Human reviewers could identify roughly 70 percent more patients with an opioid use disorder (OUD) than an EHR algorithm.
Human reviewers can identify patients with an opioid use disorder (OUD) more consistently than EHR natural language processing, even if EHR diagnostic codes cannot define the diagnosis, according to a study published in JAMA Network Open.
Additionally, researchers found the benefit of coding for Diagnostic and Statistical Manual of Mental Disorders (Fifth Edition) (DSM-5) criteria from EHRs to generate a DSM-5 severity score that is further associated with OUD patients.
According to researchers, opioid addiction rates and opioid-related deaths have been increasing since 2012. However, OUD is commonly undiagnosed or misdiagnosed during patient-physician consultation.
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Physicians commonly utilize questionnaires from DSM-5 OUD criteria or dialogue, based on impairment, opioid cravings, and high levels of usage. If a patient hits two of the 11 criteria, then the patient is diagnosed with an OUD. However, these criteria typically revolve around self-reports from patients.
“The goal of this research is to use the comprehensive EHR data of patients who are prescribed opioids to develop proxy measures for the DSM-5 criteria for OUD,” explained the study authors.
Researchers from Geisinger utilized EHR data from over 16,000 patients who were prescribed opioids between 2000 and 2017, and a contract-based, Geisinger-specific medication monitoring program (GMMP) to find a connection between those who maintained or violated the contract.
Of the more 16,253 patients enrolled in GMMP, OUD diagnoses defined by EHR diagnostic codes were only observed at 2 percent, meaning researchers need to find alternative strategies.
On the contrary, researchers who assessed OUD through a manual EHR review, identified severe OUD 73 percent of the time.
“We found that patients enrolled in a contract-based, health system–specific drug monitoring program showed higher rates of OUD based on a medical record review procedure that adapted DSM-5 interview criteria,” wrote the study authors.
“We also observed that when patients are appropriately documented as having violated the terms of the contract with an EPIC code, this code can be a useful proxy for OUD diagnosis. This finding is consistent with previous work that demonstrated the utility of a prescription monitoring program.”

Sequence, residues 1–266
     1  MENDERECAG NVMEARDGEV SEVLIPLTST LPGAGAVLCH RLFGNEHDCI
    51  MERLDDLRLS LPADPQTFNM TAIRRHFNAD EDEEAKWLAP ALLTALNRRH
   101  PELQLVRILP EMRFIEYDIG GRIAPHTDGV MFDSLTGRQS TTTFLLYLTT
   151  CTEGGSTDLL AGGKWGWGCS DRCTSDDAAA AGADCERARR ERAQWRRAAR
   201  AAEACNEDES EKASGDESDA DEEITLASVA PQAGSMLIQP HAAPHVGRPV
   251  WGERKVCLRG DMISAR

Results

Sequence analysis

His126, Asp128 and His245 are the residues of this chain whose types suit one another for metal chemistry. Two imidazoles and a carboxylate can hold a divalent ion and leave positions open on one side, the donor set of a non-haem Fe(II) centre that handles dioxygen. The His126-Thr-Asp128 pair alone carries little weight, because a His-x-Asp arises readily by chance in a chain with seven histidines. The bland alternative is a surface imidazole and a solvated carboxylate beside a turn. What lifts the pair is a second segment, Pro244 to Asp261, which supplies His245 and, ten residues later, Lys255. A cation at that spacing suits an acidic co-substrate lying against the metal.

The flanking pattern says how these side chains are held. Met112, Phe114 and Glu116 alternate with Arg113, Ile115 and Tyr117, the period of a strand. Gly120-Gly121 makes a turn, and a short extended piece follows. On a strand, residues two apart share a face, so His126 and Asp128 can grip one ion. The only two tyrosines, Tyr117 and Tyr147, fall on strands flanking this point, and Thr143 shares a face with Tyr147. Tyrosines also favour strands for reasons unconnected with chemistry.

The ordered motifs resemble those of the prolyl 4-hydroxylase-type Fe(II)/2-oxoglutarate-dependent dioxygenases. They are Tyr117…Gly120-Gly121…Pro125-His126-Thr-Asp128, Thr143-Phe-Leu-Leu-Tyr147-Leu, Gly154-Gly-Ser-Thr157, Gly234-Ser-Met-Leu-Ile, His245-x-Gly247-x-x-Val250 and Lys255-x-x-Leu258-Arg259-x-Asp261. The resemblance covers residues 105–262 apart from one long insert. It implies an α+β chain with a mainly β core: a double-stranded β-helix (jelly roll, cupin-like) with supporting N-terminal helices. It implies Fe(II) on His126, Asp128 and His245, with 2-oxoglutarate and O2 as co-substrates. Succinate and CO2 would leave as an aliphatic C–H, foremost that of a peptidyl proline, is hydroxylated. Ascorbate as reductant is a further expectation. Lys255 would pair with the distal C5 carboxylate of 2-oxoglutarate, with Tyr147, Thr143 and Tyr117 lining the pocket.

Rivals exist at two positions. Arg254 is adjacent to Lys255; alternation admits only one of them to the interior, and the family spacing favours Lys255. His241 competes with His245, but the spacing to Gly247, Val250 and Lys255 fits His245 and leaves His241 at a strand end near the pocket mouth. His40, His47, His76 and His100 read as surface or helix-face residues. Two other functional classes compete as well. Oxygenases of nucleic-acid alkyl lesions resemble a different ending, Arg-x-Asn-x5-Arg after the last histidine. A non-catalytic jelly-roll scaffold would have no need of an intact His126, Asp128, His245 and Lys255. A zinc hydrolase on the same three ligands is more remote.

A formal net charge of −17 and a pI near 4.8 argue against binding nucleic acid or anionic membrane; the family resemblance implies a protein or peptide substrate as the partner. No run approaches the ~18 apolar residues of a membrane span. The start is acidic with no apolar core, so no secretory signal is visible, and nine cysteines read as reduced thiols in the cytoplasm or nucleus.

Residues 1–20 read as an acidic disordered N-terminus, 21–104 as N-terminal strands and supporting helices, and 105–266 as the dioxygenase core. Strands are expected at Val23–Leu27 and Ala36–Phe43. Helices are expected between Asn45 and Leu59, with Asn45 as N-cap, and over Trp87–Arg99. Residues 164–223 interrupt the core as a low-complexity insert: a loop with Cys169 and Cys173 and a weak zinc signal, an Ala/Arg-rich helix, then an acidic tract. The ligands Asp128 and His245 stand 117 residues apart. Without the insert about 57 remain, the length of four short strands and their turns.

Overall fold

Researchers identified inconsistent EHR documentation as a primary cause of the EHR algorithm’s inaccuracies. Additionally, the research group noted a human reviewer could dissect the difference between search times, while an algorithm has difficulty doing the same.
For example, a human reviewer can assess the terms of “abuse” and “high” as separate words, while an algorithm is searching for the term “substance abuse mentioned.”
“These search terms could serve as the basis of future natural language processing algorithms and would improve the scalability of this method,” explained the Geisinger researchers. “Future work may also benefit from combining search terms and ICD codes, as Carell et al reported that the combined use of ICD codes and natural language processing data were more effective in identifying OUD than either method alone.”
Researchers also observed additional substance and psychiatric codes in the EHR prescription drug monitoring program. These codes can evaluate definitions and identify risk factors. Using these terms, human reviewers can notify OUD associated with overdose and misuse.
“Thus, this study contributes to the growing body of knowledge that emphasizes the utility of EHRs to evaluate a patient’s status or potential for opioid or other substance misuse,” concluded the study authors.
“Precision medicine within integrated health systems such as Geisinger could be a major associated factor in developing more efficient pain treatments with less risk for addiction, and studies of this potential could be helped by establishing more effective proxy measures for OUD using EHR data.”
Source: EHR Intelligence